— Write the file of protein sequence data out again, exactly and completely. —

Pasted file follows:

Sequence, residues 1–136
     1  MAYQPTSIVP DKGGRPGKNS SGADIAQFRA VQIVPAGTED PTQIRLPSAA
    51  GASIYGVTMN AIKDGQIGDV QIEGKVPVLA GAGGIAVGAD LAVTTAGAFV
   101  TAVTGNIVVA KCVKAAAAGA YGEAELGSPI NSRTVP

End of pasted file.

Sequence, residues 1–136
     1  MAYQPTSIVP DKGGRPGKNS SGADIAQFRA VQIVPAGTED PTQIRLPSAA
    51  GASIYGVTMN AIKDGQIGDV QIEGKVPVLA GAGGIAVGAD LAVTTAGAFV
   101  TAVTGNIVVA KCVKAAAAGA YGEAELGSPI NSRTVP